Next Article in Journal
Developing and Testing of Strain-Hardening Cement-Based Composites (SHCC) in the Context of 3D-Printing
Next Article in Special Issue
Nanoscale and Macroscale Scaffolds with Controlled-Release Polymeric Systems for Dental Craniomaxillofacial Tissue Engineering
Previous Article in Journal
Effect of Healing Agents on Crack Healing of Asphalt and Asphalt Mortar
Previous Article in Special Issue
Enhanced Antibacterial Performance and Cytocompatibility of Silver Nanoparticles Stabilized by Cellulose Nanocrystal Grafted with Chito-Oligosaccharides
Article Menu
Issue 8 (August) cover image

Export Article

Open AccessArticle
Materials 2018, 11(8), 1374;

Injectable Hyaluronic Acid-co-Gelatin Cryogels for Tissue-Engineering Applications

Department of Chemical Engineering, Northeastern University, Boston, MA 02115, USA
Center of Nanotechnology, King Abdulaziz University, Jeddah, Makkah 21589, Saudi Arabia
Department of Bioengineering, Northeastern University, Boston, MA 02115, USA
Harvard John A. Paulson School of Engineering and Applied Sciences, Harvard University, Cambridge, MA 02138, USA
Biomechanics and Bioengineering (BMBI), UTC CNRS UMR 7338, University of Technology of Compiègne, Sorbonne University, 60203 Compiègne, France
Author to whom correspondence should be addressed.
Received: 11 June 2018 / Revised: 1 August 2018 / Accepted: 3 August 2018 / Published: 7 August 2018
(This article belongs to the Special Issue Polymeric Materials for Medical Applications)
Full-Text   |   PDF [5900 KB, uploaded 7 August 2018]   |  


Polymeric scaffolds such as hydrogels can be engineered to restore, maintain, or improve impaired tissues and organs. However, most hydrogels require surgical implantation that can cause several complications such as infection and damage to adjacent tissues. Therefore, developing minimally invasive strategies is of critical importance for these purposes. Herein, we developed several injectable cryogels made out of hyaluronic acid and gelatin for tissue-engineering applications. The physicochemical properties of hyaluronic acid combined with the intrinsic cell-adhesion properties of gelatin can provide suitable physical support for the attachment, survival, and spreading of cells. The physical characteristics of pure gelatin cryogels, such as mechanics and injectability, were enhanced once copolymerized with hyaluronic acid. Reciprocally, the adhesion of 3T3 cells cultured in hyaluronic acid cryogels was enhanced when formulated with gelatin. Furthermore, cryogels had a minimal effect on bone marrow dendritic cell activation, suggesting their cytocompatibility. Finally, in vitro studies revealed that copolymerizing gelatin with hyaluronic acid did not significantly alter their respective intrinsic biological properties. These findings suggest that hyaluronic acid-co-gelatin cryogels combined the favorable inherent properties of each biopolymer, providing a mechanically robust, cell-responsive, macroporous, and injectable platform for tissue-engineering applications. View Full-Text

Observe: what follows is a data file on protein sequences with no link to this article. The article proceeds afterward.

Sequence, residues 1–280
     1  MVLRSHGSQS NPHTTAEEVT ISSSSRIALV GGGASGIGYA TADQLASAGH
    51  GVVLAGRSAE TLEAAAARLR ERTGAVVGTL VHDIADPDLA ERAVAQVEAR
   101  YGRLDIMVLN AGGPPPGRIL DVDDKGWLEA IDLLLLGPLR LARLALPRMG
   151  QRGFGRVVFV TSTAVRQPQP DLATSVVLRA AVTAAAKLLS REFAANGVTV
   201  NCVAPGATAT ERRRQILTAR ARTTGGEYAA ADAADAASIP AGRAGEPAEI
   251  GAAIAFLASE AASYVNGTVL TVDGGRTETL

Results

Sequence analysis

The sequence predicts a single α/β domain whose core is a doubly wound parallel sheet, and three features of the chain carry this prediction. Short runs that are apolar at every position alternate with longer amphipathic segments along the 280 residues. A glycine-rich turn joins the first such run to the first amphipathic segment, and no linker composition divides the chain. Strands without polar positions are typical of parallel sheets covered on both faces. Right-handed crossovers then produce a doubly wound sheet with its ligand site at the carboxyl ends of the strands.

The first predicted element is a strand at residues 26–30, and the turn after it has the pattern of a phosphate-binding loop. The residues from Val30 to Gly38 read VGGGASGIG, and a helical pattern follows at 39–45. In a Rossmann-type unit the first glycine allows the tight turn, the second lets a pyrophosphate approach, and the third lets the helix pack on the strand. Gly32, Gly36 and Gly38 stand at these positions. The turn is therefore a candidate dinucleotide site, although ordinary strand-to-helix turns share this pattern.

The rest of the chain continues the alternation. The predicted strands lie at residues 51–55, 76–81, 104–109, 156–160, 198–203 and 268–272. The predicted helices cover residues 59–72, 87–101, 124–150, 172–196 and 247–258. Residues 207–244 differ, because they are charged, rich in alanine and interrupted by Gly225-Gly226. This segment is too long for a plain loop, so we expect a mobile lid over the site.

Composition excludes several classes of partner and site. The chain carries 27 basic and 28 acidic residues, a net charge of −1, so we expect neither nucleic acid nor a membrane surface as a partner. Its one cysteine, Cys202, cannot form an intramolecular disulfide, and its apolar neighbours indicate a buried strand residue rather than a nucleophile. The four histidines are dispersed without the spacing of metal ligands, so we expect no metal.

Keywords: injectable; hyaluronic acid; gelatin; scaffold; cryogel; tissue engineering injectable; hyaluronic acid; gelatin; scaffold; cryogel; tissue engineering

Figure 1

This is an open access article distributed under the Creative Commons Attribution License which permits unrestricted use, distribution, and reproduction in any medium, provided the original work is properly cited (CC BY 4.0).

Supplementary material


Share & Cite This Article

MDPI and ACS Style

Rezaeeyazdi, M.; Colombani, T.; Memic, A.; Bencherif, S.A. Injectable Hyaluronic Acid-co-Gelatin Cryogels for Tissue-Engineering Applications. Materials 2018, 11, 1374.

Show more citation formats Show less citations formats

Note that from the first issue of 2016, MDPI journals use article numbers instead of page numbers. See further details here.

Related Articles

Article Metrics

Article Access Statistics



[Return to top]
Materials EISSN 1996-1944 Published by MDPI AG, Basel, Switzerland RSS E-Mail Table of Contents Alert
Back to Top